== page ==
One of my friends came to the gate, the stunned look on her face must have mirrored the look on mine.
"What the heck was that all about?" she said. "I've NEVER, EVER seen Ray do anything like that before."
"Me either," I replied. "For some reason Ray did not like that Boxer. At ALL. I think the Airedale just got in his way."
The Airedale's owner came over.
"What kind of dog is that?" she asked. She didn't seem mad, just curious as to why Ray was attacking all the dogs in the park.
"He's a coonhound," I replied
"Oh," she said, "Maybe he's just used to hunting and that's why he did that."
"Ray has never hunted before. He's been blind since birth," I explained.
"Oh. Poor thing," she said as she turned away to go back to her group of friends.
I didn't try to dissuade her. Always play the blind card when your dog is in trouble.
I stood outside the fence and chatted with my friend awhile. Ray stood with his nose pressed through a hole in the chain-link. He was calm, the hair on his back was in it's usual position. There was no way in hell he was going back in that park. I said goodbye to my friend and we turned to leave.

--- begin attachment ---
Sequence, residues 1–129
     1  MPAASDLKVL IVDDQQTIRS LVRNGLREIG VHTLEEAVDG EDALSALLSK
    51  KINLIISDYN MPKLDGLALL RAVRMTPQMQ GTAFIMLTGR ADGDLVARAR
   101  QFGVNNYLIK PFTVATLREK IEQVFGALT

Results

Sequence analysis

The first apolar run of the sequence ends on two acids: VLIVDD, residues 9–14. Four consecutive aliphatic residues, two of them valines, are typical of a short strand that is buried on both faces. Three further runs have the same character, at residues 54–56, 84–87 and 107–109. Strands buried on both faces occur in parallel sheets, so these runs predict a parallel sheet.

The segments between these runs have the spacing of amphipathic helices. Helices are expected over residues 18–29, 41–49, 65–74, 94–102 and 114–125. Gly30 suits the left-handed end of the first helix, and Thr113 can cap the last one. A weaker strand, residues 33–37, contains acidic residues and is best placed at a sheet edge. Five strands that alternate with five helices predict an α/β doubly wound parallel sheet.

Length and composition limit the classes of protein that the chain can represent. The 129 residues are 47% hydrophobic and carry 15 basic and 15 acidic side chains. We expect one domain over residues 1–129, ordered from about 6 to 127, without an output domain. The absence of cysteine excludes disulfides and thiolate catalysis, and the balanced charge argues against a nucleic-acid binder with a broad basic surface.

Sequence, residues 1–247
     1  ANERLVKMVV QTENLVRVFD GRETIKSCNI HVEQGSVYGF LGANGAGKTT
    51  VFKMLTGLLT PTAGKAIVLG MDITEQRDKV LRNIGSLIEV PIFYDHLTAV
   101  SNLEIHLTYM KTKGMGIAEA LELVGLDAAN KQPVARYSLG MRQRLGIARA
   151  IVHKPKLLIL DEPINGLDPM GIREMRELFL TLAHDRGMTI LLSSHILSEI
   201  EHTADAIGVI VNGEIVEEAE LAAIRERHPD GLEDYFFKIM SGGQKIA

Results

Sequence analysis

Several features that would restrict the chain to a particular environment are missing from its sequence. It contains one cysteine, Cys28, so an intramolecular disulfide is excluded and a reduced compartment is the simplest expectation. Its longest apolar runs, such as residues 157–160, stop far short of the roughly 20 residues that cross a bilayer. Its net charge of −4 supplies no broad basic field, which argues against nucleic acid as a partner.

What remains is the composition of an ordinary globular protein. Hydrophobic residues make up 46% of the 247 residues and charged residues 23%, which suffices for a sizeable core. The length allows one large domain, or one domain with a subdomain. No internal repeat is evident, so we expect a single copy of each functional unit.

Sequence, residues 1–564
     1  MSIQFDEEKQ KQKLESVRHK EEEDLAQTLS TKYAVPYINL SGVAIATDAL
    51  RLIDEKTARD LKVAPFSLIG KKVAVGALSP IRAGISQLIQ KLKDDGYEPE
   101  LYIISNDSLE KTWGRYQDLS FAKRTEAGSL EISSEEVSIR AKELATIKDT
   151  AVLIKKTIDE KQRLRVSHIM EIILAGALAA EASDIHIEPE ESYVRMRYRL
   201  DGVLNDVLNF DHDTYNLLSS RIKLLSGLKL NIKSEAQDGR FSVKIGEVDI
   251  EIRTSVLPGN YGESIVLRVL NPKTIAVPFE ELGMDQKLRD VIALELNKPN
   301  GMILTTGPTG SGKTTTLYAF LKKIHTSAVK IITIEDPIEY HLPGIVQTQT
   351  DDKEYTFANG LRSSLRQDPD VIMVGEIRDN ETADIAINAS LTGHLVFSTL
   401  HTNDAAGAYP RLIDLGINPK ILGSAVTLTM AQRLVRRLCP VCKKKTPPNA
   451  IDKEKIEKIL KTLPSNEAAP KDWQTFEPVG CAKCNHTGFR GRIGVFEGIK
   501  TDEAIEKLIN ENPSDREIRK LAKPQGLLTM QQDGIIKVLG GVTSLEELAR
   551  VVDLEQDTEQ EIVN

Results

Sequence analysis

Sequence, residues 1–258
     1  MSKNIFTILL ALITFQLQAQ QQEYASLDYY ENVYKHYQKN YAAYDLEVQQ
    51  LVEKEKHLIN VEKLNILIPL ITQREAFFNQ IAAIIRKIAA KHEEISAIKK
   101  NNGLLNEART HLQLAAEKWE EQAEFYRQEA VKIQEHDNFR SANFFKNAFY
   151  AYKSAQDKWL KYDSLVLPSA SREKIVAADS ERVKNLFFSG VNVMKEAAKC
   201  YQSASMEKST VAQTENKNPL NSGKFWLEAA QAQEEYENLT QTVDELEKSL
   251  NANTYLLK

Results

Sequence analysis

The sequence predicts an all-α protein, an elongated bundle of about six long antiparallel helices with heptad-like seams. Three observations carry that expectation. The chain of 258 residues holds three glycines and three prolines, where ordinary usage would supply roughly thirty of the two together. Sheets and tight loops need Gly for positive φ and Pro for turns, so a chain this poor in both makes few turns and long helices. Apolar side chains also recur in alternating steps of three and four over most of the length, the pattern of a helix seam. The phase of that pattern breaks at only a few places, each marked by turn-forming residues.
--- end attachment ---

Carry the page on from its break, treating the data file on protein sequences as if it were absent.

Ray knew he'd been bad. He stayed right at heel as we walked the path back to the parking lot. I bundled Ray into the back seat of the car, my mind going a mile a minute.
I could only surmise that there was some bad blood between my dog and the Boxer (who I decided was probably named Lefty). Since I was pretty sure that I'd never met Lefty before, I assumed that Ray had met the Boxer before I adopted Ray. I presumed that, since Ray mysteriously speaks foreign languages, he must have met Lefty overseas somewhere. Because Ray seems extremely comfortable with the French language, I deduced that Ray must have met Lefty while they were in the French Foreign Legion together. Something must have happened between them that Ray is still angry about. I'm not sure what, but I'm sure that Ray had a good reason for going after that dog.
Now, about that Airedale puppy....

This comic appeared in the paper today - the day AFTER I posted this blog. I think I must be psychic (and that my dog isn't the only one that was in the French Foreign Legion.) (click the comic to get a bigger picture).

*The title of this blog has been changed.


  1. Did Ray get a bite of anyone? Daisy does the same thing - snarling and fussing like she's going to kill someone - but she never, ever bites. My crew has become used to it. The younger dogs will submit (mostly to humor her, I think) and the seniors don't pay her any attention.


    1. I don't think so. He was sure trying though. It was just so bizarre. He has NEVER done anything like that before. And it was just so pointed and all directed at that Boxer (until the puppy got in the way). There were a bunch of other dogs swarming about and Ray didn't pay any attention to any of them. Just the Boxer.